How you solve it

The trick is to only do 1 query on the many-to-many field's table, 1 query on the app_blogpost table and 1 query on the app_category table.

First you have to override the ViewSet.list method. Then, in there you can do exactly what you need.

Here's the framework for this change:

# views.py
from rest_framework import viewsets

class BlogpostViewSet(viewsets.ModelViewSet):
    # queryset = Blogpost.objects.all().order_by('date')
    serializer_class = serializers.BlogpostSerializer

    def get_queryset(self):
        # Chances are, you're doing something more advanced here 
        # like filtering.
        Blogpost.objects.all().order_by('date')

    def list(self, request, *args, **kwargs):
        response = super().list(request, *args, **kwargs)
        # Where the magic happens!

        return response

Next, we need to make a mapping of all Category.id -1-> Category.name. But we want to make sure we do only on the categories that are involved in the Blogpost records that matter. You could do something like this:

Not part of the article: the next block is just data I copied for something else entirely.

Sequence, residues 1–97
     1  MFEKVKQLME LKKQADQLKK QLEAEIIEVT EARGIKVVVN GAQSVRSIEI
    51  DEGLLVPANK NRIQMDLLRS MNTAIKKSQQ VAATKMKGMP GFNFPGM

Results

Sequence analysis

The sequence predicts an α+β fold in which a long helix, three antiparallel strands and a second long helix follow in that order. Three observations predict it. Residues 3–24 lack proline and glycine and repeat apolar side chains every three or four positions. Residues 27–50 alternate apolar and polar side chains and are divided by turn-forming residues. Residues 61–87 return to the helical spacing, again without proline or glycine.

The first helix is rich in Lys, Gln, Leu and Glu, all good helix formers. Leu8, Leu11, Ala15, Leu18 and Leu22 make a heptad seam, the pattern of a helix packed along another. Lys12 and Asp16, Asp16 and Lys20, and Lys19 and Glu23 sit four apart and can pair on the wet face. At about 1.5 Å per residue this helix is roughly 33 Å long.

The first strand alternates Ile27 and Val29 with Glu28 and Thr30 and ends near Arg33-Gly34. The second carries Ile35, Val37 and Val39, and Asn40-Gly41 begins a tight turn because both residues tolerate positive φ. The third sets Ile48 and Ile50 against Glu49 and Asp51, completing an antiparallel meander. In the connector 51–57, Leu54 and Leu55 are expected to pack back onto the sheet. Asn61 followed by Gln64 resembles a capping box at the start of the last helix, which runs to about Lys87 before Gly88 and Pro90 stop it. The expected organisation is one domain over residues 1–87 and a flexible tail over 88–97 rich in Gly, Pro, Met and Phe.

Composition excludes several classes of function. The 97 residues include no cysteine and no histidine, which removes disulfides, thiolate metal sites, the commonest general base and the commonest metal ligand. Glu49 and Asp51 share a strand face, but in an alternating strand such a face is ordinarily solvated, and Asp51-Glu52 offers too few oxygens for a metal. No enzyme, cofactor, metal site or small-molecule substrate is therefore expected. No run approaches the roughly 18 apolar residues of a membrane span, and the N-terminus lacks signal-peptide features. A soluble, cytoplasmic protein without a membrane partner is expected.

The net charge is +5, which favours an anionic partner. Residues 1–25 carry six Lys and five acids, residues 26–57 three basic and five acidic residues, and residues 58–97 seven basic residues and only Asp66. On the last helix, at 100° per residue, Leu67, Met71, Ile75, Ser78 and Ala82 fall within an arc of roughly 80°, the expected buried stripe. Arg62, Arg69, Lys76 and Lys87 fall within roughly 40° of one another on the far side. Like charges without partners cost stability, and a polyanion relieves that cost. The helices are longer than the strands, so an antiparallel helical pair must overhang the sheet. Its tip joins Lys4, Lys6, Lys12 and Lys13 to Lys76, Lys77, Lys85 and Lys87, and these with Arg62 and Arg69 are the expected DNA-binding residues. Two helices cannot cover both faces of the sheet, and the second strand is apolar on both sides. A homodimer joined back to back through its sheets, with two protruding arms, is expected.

category_names = {}
for category in Category.objects.all():
    category_names[category.id] = category.name

But to avoid doing a lookup of category names for those you never need, use the query set on Blogpost. I.e.

qs = self.get_queryset()
all_categories = Category.objects.filter(
    id__in=Blogpost.categories.through.objects.filter(
        blogpost__in=qs
    ).values('category_id')
)
category_names = {}
for category in all_categories:
    category_names[category.id] = category.name

Now you have a dictionary of all the Category IDs that matter.

Note! The above "optimization" assumes that it's worth it. Meaning, if the number of Category records in your database is huge, and the Blogpost queryset is very filtered, then it's worth only extracting a subset. Alternatively, if you only have like 100 different categories in your database, just do the first variant were you look them up "simplestly" without any fancy joins.

Next, is the mapping of Blogpost.id -N-> Category.name. To do that you need to build up a dictionary (int to list of strings). Like this:

categories_map = defaultdict(list)
for m2m in Blogpost.categories.through.objects.filter(blogpost__in=qs):
    categories_map[m2m.blogpost_id].append(